Plan Structure. The VICP provides annual cash incentives to approximately 1,300 participants, including our CEO and other executive officers. The VICP operates similarly for all participants. Each participant has a targeted award that is expressed as a percentage of base salary. For example, in fiscal 2006 the targeted award opportunity for the CEO was 80% of base salary, and the opportunities for other executive officers varied from 35% to 50% of base salaries. The opportunities for non-executive participants varied from 5% to 30% of base salaries. For each participant, 80% of the targeted award is keyed to the Company financial performance; the remaining 20% of the targeted award is keyed to the achievement of personal business objectives.
      The VICP provides for payments both below and over the targeted awards by establishing specific “thresholds levels” for which payments begin to be earned and “maximum levels” beyond which no further payment is earned. The payout at the “maximum level”, which is based solely on achieving the Company’s financial goals, is 180% of the targeted award for the CEO and other executive officers.
      The Company had two financial metrics in fiscal 2006 that are more fully described below: revenue growth and return on capital employed (“ROCE”). Any VICP amount earned in fiscal 2006 above the targeted award depended solely on achieving above-plan ROCE performance. The maximum award that can be earned for the attainment of personal objectives remained at 20% of the targeted award. Accordingly, the total maximum award to executives for the achievement of both financial and personal business objectives is 200% of the targeted award. The maximum payment for other VICP participants varies from 100% to 150% of the targeted award.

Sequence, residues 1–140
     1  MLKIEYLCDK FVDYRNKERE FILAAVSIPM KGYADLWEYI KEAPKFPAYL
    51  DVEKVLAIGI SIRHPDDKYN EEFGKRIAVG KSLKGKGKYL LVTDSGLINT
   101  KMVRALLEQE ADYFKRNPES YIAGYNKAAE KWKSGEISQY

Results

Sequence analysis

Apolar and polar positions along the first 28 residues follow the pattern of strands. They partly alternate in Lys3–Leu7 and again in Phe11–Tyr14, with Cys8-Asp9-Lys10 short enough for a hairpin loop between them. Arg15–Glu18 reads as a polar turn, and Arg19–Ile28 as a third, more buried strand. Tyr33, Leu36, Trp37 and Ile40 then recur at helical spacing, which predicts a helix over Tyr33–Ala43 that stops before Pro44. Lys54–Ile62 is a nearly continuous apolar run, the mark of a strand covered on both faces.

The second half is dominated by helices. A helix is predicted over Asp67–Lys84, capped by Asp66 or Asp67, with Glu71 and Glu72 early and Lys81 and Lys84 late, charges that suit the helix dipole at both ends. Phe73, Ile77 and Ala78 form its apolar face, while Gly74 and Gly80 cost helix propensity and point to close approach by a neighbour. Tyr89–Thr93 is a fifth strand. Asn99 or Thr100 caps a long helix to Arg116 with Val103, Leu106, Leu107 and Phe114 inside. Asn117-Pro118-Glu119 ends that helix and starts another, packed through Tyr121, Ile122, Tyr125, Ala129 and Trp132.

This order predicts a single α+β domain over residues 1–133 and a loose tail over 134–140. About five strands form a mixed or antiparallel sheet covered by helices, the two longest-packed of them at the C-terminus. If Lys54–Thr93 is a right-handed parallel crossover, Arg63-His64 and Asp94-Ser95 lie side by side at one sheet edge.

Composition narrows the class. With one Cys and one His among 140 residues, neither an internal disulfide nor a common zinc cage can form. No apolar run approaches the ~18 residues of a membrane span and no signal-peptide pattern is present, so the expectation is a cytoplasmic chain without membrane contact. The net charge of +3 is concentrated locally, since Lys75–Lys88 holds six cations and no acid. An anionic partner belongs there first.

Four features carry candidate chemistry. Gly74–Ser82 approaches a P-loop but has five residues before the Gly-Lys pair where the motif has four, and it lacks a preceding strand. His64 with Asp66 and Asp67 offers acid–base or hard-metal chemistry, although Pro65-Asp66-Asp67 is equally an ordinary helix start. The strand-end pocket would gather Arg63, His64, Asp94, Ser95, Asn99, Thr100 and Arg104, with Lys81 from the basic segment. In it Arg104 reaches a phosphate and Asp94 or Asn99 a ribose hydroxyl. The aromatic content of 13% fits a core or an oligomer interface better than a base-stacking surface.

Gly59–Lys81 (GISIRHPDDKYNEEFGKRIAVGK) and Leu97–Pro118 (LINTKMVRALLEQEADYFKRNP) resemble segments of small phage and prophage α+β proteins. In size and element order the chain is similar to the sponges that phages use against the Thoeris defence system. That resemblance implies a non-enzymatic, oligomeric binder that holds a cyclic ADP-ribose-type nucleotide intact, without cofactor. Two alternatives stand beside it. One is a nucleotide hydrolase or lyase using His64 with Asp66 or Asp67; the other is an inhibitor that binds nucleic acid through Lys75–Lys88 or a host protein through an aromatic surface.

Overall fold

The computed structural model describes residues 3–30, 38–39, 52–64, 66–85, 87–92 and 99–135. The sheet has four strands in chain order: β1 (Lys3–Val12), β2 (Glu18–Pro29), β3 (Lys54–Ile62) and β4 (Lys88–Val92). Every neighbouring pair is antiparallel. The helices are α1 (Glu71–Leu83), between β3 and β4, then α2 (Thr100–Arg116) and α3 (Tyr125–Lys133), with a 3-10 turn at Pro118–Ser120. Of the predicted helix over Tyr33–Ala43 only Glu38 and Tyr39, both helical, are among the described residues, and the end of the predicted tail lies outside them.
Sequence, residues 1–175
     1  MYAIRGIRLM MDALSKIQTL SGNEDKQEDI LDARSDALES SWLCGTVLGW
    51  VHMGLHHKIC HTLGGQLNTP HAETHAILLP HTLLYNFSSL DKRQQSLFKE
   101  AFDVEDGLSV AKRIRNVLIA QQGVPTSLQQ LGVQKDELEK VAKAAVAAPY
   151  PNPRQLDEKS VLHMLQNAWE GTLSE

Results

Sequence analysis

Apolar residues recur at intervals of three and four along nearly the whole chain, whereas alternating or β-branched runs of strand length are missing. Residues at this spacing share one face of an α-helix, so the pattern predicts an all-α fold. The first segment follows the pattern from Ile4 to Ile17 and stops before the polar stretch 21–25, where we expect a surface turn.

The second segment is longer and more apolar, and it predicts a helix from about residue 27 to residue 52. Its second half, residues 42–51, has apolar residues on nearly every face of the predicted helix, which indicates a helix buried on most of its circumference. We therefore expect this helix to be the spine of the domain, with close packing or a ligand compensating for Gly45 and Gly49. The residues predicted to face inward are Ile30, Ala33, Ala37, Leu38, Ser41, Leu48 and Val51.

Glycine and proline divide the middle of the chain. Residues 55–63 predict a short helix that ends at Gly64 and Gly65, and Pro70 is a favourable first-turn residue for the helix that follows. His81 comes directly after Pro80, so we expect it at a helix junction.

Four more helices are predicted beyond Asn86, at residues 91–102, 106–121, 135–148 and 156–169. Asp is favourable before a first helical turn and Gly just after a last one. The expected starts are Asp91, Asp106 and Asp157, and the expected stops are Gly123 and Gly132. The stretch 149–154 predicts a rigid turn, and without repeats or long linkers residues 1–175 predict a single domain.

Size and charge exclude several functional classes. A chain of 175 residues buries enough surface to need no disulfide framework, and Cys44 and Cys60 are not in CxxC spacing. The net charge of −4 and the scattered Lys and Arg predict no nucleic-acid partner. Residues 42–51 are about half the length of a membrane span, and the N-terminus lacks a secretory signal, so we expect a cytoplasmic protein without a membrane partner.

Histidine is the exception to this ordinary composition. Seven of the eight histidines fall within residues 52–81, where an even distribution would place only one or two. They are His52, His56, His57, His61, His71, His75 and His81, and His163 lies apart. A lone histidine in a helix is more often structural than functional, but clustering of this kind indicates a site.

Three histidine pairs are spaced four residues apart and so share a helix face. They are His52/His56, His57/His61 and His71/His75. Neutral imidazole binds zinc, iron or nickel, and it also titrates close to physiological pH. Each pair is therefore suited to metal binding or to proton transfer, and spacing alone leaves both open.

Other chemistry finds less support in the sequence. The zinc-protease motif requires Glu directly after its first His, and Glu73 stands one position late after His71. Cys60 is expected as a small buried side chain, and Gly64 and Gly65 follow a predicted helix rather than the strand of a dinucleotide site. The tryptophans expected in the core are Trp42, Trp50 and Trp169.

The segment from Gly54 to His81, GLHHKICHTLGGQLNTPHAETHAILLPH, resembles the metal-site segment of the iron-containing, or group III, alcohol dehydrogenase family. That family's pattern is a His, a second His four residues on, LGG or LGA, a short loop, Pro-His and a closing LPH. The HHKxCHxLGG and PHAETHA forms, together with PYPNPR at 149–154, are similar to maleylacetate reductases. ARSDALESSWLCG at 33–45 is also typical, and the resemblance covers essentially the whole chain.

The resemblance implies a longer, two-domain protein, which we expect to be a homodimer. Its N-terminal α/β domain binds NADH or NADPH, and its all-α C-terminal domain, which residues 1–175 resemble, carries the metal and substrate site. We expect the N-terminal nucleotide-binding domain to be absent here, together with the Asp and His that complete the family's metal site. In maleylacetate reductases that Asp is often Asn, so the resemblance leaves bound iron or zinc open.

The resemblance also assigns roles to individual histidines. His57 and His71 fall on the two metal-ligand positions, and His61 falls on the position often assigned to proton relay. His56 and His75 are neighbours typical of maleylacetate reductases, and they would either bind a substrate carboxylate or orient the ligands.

Measurement Determination Process
      Annually, for each of the financial metrics of the VICP, specific “threshold”, “targeted” and “maximum” levels of achievement are established as part of the annual financial planning process. The specific Company financial metrics for fiscal 2006, each of which stands independently of the other with regard to award opportunities, were: